If You Write A Book In The Forest
Write A Book In The Forest
If you write a book in the forest, and no one is there to read it, does it tell a story?
The question’s not as existential as it sounds. I know, because I ask it a lot these days, and I’m a practical sort of person.
I’m well into the third and final book in my series and, more and more, I see how hard it is to compete (yes, compete, don’t you hate that?) for readers. So, I’m starting to wonder if I’ve actually accomplished what I set out to do – not simply to write a few books, but to tell the “story that needed to be told” as someone once called my work.
Let me ask you: Is it enough for you to simply write? Or do you need to be read? (And I’m not saying “sell”, which is another subject entirely.)
In other words, do you call yourself a “writer” because you produce .doc files on your computer? Or do you call yourself one because you’ve completed a book, and you can’t keep up with the demand to appear at book club meetings? Or do you differentiate between “writer” (the former) and “author” (the latter), as I sometimes do?
Like me, do you need to have shared the intimacy of your thoughts with others before you can feel that you’ve done the job – because your story’s been told, your point of view’s been expressed? Because for me, the story’s the thing. Or said another way – the writing has to be good but it’s only the wagon that I hitch my story to. The coattails I ride. It’s the body, not the soul. It’s flesh, not spirit.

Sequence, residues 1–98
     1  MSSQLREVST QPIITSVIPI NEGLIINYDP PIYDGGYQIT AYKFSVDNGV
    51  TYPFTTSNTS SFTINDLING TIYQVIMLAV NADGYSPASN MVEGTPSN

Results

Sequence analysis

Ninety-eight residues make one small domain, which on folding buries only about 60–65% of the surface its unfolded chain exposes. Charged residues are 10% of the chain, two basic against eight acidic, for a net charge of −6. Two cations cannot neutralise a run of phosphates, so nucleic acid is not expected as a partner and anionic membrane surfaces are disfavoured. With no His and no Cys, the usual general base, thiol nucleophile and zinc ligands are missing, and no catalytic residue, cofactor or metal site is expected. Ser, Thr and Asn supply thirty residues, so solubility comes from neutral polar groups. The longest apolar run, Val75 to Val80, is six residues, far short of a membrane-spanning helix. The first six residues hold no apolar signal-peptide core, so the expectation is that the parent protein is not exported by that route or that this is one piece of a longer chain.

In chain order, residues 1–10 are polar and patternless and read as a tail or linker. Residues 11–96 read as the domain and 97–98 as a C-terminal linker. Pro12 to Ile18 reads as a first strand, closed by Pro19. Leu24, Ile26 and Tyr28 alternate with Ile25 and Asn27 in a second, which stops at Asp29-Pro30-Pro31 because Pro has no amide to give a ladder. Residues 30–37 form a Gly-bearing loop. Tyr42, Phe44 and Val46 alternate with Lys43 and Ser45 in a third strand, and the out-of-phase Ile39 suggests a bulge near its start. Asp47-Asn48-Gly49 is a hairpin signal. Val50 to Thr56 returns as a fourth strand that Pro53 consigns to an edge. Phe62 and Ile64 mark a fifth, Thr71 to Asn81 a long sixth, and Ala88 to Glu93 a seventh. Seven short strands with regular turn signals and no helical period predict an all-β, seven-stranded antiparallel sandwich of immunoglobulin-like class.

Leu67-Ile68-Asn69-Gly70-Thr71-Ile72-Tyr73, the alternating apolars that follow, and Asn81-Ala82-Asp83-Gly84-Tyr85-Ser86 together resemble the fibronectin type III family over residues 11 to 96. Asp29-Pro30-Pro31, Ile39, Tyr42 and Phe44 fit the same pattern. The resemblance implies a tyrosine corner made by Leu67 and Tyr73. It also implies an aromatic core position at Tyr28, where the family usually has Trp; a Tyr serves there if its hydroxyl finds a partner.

For me, the whole point of taking up writing in the first place, from the very first word that went down in the very first draft, was to tell a story.
Hmmmm??….a big question for a sunny afternoon when I should be working.
So… here’s something I’ve learned through the process of writing…and I thought I’d pass it along: If you write a book in the forest, and no one is there to read it, it can tell a story. Just maybe not the one you expected
This surprising story seems to come from nowhere. It grows in your mind in the hours you spend at the keyboard and when you lie awake at night worrying about plots and character. That’s when what you thought was the story becomes a more interesting story – the story about what the work does to you, and what it makes of you. And that story gets told, not by you, but to you, and in ways you least expect.